- Case Report
- Open Access
Early detection of myocardial dysfunction in a cat that gradually progressed to endomyocardial form of restrictive cardiomyopathy
BMC Veterinary Research volume 17, Article number: 274 (2021)
Restrictive cardiomyopathy (RCM) is a common myocardial disease in cats, characterized by diastolic dysfunction and atrial enlargement without myocardial hypertrophy. Especially, endomyocardial form of RCM, one of the subtypes in RCM, is characterized by endocardial fibrosis, endocardial scar bridging the interventricular septum and left ventricular (LV) free wall, and deformation and distortion of the LV. However, it is unclear how the myocardial dysfunction and the endocardial scar contribute to the pathophysiology of RCM disease progression.
A 3 years and 2 months old, intact male, Domestic shorthaired cat was presented for consultation of cardiac murmur. At the first visit (day 0), the notable abnormal finding was echocardiography-derived chordae tendineae-like structure bridging the interventricular septum and the LV free wall, resulting high-speed blood flow in the left ventricle. Electrocardiography, thoracic radiography and noninvasive blood pressure measurements were normal. No left atrial enlargement was observed, and LV inflow velocity showed an abnormal relaxation pattern. Although there was no abnormality in tissue Doppler imaging-derived myocardial velocity, two-dimensional speckle tracking echocardiography (2D-STE) revealed a decrease in the LV longitudinal strain and an increase in endocardial to epicardial ratio of the LV circumferential strain on day 0. On day 468, obvious left atrium enlargement and smoke like echo in the left atrium were observed. The LV inflow velocity was fused, and the tissue Doppler imaging-derived early-diastolic myocardial velocity of the septal mitral annulus decreased. Regarding 2D-STE, LV circumferential strain was further decreased, and right ventricular strain was additionally decreased. Although the general condition was good, we made a clinical diagnosis of endomyocardial RCM based on the above findings. On day 503, the cat showed the radiographic evidence of pulmonary edema and congestive heart failure signs.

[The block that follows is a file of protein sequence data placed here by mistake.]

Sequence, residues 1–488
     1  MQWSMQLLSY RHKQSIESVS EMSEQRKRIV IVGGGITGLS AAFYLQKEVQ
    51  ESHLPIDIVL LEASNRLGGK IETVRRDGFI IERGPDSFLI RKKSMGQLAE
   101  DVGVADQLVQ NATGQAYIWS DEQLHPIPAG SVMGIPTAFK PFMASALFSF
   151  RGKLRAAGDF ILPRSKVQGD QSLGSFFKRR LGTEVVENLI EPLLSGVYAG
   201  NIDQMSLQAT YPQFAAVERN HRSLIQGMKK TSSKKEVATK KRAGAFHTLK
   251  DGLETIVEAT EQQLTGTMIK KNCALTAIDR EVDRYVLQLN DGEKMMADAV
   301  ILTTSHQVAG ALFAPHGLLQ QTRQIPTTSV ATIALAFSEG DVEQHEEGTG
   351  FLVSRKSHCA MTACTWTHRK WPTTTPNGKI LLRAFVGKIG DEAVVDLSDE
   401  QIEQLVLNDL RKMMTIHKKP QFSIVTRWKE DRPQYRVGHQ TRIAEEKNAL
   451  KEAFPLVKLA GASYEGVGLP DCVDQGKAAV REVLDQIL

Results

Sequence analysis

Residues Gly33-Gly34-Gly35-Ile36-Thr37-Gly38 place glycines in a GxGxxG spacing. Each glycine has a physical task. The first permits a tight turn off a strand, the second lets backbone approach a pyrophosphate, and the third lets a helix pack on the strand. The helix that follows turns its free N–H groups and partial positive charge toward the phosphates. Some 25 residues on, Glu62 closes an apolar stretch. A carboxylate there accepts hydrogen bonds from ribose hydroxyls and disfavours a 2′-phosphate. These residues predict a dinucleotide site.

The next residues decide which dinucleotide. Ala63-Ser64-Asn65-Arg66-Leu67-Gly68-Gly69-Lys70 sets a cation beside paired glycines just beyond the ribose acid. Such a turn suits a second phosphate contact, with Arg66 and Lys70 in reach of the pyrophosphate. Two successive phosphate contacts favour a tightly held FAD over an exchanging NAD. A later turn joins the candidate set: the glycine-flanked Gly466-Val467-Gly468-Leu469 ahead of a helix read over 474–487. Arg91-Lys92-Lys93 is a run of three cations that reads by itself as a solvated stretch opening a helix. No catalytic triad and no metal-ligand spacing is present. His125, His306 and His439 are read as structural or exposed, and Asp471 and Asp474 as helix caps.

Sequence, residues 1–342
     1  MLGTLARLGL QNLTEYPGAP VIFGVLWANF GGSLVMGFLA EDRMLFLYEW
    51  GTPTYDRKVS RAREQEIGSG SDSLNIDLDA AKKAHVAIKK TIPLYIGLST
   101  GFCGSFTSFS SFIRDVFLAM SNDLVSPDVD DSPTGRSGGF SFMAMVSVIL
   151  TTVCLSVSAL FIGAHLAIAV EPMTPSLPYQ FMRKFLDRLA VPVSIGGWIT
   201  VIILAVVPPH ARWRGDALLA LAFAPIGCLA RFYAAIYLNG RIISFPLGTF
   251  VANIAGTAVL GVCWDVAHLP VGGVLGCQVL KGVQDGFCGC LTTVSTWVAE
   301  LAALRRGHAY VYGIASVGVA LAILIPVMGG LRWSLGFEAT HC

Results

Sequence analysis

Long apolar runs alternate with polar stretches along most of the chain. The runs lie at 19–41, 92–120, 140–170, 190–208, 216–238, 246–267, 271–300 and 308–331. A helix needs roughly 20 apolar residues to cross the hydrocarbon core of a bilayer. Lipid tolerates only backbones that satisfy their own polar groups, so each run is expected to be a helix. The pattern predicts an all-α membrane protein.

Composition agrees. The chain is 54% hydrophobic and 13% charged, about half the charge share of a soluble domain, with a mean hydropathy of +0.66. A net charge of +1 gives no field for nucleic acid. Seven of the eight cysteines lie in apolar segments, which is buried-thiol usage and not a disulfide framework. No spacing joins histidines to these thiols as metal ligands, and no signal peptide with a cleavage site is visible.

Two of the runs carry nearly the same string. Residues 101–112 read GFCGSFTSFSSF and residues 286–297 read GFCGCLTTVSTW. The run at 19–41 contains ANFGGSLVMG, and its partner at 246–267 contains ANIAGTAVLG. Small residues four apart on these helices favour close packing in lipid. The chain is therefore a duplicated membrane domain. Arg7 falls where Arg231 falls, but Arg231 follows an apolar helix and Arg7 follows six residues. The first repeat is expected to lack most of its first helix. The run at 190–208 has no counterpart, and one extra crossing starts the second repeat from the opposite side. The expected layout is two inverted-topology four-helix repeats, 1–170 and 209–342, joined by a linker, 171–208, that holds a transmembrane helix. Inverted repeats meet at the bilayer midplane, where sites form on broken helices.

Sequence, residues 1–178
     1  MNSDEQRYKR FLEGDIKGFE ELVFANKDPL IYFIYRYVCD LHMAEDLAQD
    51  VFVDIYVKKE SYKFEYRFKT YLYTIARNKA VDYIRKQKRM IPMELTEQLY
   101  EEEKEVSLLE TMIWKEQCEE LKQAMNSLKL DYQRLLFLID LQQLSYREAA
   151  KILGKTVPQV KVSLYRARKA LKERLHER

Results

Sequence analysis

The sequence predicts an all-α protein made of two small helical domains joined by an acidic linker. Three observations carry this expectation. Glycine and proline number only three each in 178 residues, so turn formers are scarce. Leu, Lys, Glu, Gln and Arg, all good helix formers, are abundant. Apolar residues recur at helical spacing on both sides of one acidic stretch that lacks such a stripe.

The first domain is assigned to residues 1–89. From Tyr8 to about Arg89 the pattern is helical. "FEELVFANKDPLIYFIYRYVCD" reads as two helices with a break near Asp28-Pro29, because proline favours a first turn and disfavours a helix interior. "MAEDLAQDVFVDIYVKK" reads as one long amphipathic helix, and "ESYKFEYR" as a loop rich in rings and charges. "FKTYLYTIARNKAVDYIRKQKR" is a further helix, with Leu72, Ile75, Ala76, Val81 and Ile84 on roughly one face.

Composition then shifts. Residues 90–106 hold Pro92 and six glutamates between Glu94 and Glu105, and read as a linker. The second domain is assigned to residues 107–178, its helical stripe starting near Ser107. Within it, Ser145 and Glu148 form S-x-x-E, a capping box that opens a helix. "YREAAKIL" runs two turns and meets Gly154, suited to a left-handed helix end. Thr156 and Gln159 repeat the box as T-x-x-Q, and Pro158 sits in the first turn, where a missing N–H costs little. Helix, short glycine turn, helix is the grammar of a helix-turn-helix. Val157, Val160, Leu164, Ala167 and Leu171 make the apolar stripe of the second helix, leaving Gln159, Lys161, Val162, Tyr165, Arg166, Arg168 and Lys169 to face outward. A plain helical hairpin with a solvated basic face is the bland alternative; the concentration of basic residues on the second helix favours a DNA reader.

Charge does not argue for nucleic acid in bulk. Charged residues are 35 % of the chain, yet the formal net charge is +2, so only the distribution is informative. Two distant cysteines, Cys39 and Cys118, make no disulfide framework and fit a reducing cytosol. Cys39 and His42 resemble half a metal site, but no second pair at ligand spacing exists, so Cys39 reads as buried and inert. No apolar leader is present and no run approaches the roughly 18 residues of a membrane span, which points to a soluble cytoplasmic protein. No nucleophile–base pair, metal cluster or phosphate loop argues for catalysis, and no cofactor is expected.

Cats with abnormal LV structure and associated myocardial dysfunction like this case needs careful observation. Additionally, 2D-STE indices may be useful for early detection of myocardial dysfunction in feline RCM.
Restrictive cardiomyopathy (RCM) is a common myocardial disease in cats, characterized by diastolic dysfunction and atrial enlargement without myocardial hypertrophy [1,2,3,4]. Especially, endomyocardial form of RCM, one of the subtypes in RCM, is characterized by endocardial fibrosis, endocardial scar bridging the interventricular septum (IVS) and left ventricular (LV) free wall, and deformation and distortion of the LV . However, it is unclear how the myocardial dysfunction and the endocardial scar contribute to the pathophysiology of RCM disease progression.
Conventional two-dimensional and Doppler echocardiography are used for the clinical diagnosis of feline RCM [1, 2, 5]. Additionally, tissue Doppler imaging (TDI) has been used for the detection of myocardial dysfunction in feline cardiomyopathy [6, 7]. However, TDI measurements are affected by translation of the heart, tethering of surrounding myocardial motions, and Doppler angle dependency [8, 9]. Recently, two-dimensional speckle tracking echocardiography (2D-STE), a new non-invasive method, enables the non-invasive evaluation of the intrinsic myocardial function without angle dependency, and is expected for the early detection and the pathophysiological assessment of the various myocardial diseases in cats [5, 10, 11]. Additionally, 2D-STE enables the layer-specific myocardial function assessment, and we previously described the layer-specific compensation and decompensation of the LV myocardium in cats with RCM and hypertrophic cardiomyopathy [5, 12].
In this report, we describe a cat that did not meet the diagnostic criteria of RCM assessed by conventional echocardiography on the first visit, but had myocardial dysfunction assessed by layer-specific 2D-STE, and report the utility of layer-specific 2D-STE for early detection of feline RCM.